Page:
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JD Brewer-Hofmann
JD Brewer-Hofmann

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User Prefers Dark Mode/Light Mode

This blog covers super basic theming in CSS based on the user's preferences for light mode or dark mode.

CSS variables

If you are unfamiliar with CSS variables, this doubles as an introduction. CSS variables are declared at the top level of our document like so

:root {
  --black: #101010;
  --white: #ffffff;
  --brand: #ff9999;
}
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Then we can call the variables for our H1 tag like so

h1 {
  background: var(--white);
  color: var(--black);
}
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Using User Preference and Variables to update our page

Let's start with one element and toggle between dark mode and light mode. Utilizing user preference queries, we can check to see if our user prefers dark mode or light mode. Together with our CSS variables our CSS file will read as

:root {
  --black: #101010;
  --white: #ffffff;
  --brand: #ff9999;
}
h1 {
  background: var(--white);
  color: var(--black);
  padding: 5vh 0;
  text-align: center;
  transition: 1s;
}
@media (prefers-color-scheme: dark) {
  h1 {
    background: var(--black);
    color: var(--white);
  }
} 
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one

By adding in a few lines of CSS, our H1 will update when the user changes their preferences. That is super responsive.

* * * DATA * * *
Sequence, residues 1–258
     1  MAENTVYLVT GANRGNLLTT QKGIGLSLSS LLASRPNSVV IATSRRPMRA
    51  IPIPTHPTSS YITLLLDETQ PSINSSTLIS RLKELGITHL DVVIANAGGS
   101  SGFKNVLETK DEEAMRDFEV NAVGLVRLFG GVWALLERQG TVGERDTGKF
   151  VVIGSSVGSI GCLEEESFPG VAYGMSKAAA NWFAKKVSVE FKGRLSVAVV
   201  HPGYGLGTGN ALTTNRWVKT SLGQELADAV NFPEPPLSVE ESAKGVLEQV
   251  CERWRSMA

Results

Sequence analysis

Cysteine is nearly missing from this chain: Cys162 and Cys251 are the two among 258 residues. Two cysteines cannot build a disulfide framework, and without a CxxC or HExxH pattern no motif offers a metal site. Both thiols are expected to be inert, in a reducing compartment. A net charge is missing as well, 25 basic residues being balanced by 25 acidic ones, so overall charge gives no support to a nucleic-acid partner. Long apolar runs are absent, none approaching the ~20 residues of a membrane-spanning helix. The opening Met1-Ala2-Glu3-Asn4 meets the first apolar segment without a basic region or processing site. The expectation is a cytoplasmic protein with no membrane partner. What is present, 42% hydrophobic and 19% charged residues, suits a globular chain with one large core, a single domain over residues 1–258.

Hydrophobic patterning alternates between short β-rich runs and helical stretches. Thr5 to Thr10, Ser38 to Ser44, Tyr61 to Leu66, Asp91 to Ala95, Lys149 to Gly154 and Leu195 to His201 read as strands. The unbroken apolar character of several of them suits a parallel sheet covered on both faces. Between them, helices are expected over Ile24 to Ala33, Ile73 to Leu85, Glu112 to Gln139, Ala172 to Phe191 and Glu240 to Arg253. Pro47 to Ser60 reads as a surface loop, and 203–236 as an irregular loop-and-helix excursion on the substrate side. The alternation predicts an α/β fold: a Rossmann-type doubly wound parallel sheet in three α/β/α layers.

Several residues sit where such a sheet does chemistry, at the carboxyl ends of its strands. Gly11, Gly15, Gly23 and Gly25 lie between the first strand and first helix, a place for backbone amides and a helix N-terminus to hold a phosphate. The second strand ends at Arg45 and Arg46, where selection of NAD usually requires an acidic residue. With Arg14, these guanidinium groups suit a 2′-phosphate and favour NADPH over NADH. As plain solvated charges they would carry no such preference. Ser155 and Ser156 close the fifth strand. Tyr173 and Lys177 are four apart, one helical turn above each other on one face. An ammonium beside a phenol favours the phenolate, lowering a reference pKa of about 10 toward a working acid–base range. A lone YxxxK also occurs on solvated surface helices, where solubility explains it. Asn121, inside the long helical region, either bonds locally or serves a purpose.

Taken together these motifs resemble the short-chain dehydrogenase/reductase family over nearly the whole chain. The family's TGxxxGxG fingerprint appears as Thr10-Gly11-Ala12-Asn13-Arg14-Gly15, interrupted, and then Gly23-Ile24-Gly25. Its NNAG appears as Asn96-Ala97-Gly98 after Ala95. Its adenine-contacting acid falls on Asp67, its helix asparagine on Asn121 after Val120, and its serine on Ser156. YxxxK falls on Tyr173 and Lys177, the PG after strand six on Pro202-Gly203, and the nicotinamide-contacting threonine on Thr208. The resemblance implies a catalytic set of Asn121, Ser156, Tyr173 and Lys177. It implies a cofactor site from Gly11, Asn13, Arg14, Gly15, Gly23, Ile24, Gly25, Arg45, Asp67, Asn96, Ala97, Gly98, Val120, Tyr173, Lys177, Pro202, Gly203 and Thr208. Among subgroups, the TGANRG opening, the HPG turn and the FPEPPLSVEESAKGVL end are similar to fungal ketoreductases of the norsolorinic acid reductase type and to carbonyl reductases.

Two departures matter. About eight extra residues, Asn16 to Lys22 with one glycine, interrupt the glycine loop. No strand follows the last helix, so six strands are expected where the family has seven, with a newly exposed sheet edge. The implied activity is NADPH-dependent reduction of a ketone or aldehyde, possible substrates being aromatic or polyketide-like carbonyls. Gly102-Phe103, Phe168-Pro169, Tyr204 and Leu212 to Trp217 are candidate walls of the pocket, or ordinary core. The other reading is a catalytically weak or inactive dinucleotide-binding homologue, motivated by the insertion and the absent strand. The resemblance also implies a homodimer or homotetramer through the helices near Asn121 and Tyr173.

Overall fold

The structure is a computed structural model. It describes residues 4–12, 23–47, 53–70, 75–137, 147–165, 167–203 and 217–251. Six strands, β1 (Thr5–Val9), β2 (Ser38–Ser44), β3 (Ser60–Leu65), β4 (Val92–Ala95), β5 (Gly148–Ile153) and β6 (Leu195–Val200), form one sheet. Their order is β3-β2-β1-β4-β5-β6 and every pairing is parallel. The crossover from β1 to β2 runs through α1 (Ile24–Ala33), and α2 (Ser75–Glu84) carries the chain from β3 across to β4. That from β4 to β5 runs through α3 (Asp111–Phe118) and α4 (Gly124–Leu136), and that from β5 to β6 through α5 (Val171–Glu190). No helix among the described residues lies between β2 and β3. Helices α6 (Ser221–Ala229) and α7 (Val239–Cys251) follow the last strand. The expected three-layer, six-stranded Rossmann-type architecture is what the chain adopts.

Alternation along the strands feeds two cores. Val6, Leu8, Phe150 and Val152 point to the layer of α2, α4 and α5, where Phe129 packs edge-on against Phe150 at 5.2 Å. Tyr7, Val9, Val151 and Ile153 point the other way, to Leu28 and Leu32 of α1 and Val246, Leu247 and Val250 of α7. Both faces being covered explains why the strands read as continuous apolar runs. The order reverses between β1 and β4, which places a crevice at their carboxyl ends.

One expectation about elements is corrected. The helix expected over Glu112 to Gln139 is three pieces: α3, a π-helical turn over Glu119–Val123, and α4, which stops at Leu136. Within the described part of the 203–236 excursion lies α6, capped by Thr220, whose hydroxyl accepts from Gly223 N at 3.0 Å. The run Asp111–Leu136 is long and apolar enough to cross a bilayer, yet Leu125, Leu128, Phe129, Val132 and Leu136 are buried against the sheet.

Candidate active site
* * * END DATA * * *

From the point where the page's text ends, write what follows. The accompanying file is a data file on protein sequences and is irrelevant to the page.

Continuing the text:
Extending Into a Whole Theme

Taking the concepts another step, we can refactor our code to change the variables themselves to change if our user prefers dark mode. Then we can use the same CSS variables regardless of user preference.

:root {
  --background: #ffffff;
  --text: #101010;
  --brand: #ff9999;
}
@media (prefers-color-scheme: dark) {
  :root {
    --background: #101010;
    --text: #ffffff;
  }
}
body {
  background: var(--background);
  color: var(--text);
}
h1 {
  border: 2px solid var(--brand);
  padding: 5vh 0;
  text-align: center;
  transition: 1s;
}
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two

It's basic, but the concept works well, and with little code. If I dig into this further I would work to integrate the brand color in an accessible way beyond a border color.

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